Next Noble Pen Meeting
October 9th, 2014 at 7 pm
Scott’s Family Restaurant
1906 Blairs Ferry Rd NE, Cedar Rapids
The American Library Association recently celebrated Banned Books Week. They have several lists. Some of them are perhaps unsuited to the age group in elementary schools, but it is a slippery slope. A commentator reminds us to be aware of the power of books.
Dylan found two beta readers for Sand and Ash, who both said it’s better than Sand and Blood.
Cassie worked every day this week on revisions to Dreams in Red and added 500 new words to a chapter.
Barbara and Rachel’s names appear on the cover of Disturbed Digest as the editors.
Riley came back after a long absence, fully prepared with critiques, and Victor found the group.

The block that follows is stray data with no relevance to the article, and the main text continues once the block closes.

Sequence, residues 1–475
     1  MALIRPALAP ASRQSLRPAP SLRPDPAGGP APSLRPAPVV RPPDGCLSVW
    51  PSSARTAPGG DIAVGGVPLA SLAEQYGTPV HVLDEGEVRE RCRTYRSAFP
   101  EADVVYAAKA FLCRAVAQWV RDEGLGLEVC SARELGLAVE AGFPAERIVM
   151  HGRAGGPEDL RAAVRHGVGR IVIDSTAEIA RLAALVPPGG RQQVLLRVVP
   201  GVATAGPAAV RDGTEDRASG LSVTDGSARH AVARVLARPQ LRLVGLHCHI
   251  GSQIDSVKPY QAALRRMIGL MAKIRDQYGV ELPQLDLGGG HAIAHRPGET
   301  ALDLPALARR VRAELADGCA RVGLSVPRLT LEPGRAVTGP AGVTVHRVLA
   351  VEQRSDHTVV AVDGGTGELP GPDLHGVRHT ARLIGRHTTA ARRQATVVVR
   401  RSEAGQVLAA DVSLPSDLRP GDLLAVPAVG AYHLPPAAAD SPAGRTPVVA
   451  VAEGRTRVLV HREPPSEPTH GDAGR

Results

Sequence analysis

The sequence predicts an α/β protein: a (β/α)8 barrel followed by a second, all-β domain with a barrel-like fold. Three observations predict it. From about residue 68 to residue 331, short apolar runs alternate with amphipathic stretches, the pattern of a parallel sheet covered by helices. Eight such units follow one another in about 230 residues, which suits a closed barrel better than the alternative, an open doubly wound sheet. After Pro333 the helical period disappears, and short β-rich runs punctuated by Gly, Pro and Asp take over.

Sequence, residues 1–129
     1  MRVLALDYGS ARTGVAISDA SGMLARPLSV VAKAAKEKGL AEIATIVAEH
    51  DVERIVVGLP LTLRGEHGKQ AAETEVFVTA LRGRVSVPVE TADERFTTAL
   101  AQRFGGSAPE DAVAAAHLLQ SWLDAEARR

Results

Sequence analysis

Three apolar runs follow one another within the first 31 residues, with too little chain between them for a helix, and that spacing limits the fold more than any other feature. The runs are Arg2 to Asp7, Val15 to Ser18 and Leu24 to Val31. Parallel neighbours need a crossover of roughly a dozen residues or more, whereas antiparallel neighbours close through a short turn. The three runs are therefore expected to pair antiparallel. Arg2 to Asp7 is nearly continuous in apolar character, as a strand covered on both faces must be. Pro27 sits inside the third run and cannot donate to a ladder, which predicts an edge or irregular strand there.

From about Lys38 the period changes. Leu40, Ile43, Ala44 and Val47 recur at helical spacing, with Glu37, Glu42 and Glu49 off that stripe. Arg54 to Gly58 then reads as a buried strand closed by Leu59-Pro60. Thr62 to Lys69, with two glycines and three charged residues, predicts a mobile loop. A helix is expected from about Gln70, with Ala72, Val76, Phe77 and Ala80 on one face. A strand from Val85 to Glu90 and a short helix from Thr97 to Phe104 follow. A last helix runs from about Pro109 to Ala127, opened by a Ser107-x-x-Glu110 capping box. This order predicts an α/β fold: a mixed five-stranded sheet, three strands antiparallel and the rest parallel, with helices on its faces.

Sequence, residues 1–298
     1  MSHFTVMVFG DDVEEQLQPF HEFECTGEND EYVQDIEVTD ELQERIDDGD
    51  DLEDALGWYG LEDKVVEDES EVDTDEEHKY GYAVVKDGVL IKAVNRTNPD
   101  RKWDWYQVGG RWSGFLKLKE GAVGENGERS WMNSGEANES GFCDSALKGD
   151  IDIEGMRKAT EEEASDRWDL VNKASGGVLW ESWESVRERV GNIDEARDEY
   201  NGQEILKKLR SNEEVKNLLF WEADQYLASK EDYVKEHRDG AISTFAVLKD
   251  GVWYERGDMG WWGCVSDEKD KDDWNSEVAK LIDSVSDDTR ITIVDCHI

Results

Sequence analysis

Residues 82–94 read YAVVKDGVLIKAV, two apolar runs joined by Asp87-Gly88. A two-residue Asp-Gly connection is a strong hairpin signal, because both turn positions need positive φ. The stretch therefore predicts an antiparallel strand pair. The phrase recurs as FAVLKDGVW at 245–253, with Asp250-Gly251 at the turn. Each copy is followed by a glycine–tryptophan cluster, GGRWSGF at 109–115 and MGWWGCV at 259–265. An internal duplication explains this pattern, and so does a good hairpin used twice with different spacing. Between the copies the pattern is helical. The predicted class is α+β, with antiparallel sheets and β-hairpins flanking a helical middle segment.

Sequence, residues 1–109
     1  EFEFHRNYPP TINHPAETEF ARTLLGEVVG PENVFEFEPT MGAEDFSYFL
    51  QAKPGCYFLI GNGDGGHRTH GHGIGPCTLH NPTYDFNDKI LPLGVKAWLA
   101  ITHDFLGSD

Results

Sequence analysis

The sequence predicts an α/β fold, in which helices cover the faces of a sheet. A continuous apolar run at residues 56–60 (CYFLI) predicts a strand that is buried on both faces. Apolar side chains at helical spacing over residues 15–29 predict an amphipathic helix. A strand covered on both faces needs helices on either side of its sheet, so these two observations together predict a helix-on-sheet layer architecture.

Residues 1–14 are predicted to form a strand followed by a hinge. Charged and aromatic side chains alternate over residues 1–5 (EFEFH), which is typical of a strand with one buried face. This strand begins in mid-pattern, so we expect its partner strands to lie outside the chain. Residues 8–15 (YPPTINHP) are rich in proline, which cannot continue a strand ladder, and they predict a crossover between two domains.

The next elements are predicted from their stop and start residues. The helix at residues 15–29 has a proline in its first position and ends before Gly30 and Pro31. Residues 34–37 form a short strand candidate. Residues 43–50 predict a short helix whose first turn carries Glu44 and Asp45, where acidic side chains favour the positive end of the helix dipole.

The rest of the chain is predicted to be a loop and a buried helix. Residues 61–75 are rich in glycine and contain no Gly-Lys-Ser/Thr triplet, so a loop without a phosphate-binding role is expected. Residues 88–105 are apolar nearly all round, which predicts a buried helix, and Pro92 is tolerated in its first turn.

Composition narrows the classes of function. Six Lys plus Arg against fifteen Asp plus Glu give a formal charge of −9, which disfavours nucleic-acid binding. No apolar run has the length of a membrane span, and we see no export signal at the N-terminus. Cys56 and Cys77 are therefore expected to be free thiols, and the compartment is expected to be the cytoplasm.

How do you create suspense and tension to keep the reader absorbed in your fiction? Here are five tips. Stretching out the scene may increase suspense, if it is crafted so that the reader feels what the character does, and the action doesn’t appear to be slowing down.
Here is another list of suggestions for suspense, and a more detailed article (part 1) and (part 2).
“Suspense is achieved by information control. What you know. What the reader knows. What the characters know. You balance that properly, and you can really get the reader wound up.” ~Alfred Hitchcock